When I was young, teenagers were deities. I couldn’t imagine becoming one both because my years seemed to plod round the sun and because I felt weak in the company of older children. It was as though I had been born without a force field.
When I was in the sixth grade, I went to see a high school production of South Pacific and was so smitten by the lead, Tom, the oldest son of my fourth grade teacher, that I wanted to rush the stage just to breathe his atmosphere. How handsome he seemed from afar, how tall, how straight, how commanding.
Then, something happened: I saw him change costume in the wings, and my life was never again the same. The magic was gone in an instant, and my thespian god was made just as fleshy real as my impossible older brother.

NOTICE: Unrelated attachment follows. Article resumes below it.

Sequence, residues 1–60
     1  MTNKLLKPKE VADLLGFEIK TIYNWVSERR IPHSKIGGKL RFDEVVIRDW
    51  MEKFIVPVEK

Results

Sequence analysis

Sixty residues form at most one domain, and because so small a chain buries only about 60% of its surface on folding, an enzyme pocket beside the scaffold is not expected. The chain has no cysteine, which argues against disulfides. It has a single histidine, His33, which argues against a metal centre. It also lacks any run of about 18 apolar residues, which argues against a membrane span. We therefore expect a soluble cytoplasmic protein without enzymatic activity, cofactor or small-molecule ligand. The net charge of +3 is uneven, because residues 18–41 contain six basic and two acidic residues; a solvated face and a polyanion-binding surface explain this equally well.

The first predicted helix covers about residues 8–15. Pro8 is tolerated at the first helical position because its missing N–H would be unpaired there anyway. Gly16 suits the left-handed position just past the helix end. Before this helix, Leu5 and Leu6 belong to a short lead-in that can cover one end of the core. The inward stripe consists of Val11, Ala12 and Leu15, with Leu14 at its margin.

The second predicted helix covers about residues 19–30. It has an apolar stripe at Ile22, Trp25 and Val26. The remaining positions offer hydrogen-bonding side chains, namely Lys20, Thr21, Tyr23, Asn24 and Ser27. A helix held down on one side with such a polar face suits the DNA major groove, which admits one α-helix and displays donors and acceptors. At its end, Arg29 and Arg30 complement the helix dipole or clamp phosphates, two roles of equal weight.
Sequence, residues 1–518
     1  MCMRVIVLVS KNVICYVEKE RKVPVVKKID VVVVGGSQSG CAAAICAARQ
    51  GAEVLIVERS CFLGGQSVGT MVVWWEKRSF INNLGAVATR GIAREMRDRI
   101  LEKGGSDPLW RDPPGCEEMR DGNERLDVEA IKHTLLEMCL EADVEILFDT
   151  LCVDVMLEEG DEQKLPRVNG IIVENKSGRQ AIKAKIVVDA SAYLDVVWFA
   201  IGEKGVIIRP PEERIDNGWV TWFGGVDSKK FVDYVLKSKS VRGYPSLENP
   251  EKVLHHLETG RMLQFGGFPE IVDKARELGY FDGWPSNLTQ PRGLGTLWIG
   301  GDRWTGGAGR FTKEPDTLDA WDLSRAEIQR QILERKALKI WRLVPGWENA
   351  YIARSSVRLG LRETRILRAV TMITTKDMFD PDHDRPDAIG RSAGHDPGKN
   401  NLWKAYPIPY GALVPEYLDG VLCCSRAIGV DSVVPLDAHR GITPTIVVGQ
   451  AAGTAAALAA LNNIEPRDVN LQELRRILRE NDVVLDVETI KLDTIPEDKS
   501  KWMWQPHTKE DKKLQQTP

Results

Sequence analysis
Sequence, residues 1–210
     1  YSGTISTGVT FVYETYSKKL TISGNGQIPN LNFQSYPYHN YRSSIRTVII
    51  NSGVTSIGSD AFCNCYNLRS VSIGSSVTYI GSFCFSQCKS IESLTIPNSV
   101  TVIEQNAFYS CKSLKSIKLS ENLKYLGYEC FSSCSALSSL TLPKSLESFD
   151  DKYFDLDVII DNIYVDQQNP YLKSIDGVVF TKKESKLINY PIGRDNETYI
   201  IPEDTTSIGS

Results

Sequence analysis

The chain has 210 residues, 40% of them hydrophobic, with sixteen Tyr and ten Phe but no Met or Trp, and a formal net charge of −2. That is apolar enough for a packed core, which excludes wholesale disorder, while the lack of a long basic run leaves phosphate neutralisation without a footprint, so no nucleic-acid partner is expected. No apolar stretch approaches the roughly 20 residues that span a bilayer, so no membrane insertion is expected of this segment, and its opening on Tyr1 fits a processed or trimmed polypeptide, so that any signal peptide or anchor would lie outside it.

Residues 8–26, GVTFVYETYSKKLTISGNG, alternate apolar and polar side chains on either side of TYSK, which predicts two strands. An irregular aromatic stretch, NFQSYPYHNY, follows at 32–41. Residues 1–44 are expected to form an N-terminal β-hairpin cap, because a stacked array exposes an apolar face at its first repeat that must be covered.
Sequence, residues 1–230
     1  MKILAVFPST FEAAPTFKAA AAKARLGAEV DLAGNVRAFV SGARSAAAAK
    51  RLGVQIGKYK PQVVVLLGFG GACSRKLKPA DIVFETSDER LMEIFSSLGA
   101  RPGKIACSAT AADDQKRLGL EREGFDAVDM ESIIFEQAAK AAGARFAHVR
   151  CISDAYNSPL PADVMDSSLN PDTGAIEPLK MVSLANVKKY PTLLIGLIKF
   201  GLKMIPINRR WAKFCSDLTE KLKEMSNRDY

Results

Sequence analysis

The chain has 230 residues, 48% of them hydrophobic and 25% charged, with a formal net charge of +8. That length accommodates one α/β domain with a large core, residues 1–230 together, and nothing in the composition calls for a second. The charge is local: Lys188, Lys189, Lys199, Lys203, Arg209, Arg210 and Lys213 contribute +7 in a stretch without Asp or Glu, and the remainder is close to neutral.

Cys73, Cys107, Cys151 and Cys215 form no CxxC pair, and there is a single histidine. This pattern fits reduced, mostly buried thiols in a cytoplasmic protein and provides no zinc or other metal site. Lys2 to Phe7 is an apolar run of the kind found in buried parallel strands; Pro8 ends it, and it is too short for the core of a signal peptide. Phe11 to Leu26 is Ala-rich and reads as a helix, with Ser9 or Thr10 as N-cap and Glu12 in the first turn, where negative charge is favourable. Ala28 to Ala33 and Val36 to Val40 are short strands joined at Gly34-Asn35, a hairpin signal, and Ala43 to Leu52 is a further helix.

While writing We, I have been tempted to discuss it with you–to analyze the creative process and to reflect on the story’s evolving meaning. I have wanted to know what you think about individual chapters and what you think about the whole work so far. Then, I think of Tom off stage wiggling out of that white shirt, and I fear you will be as disappointed with me as I was with him.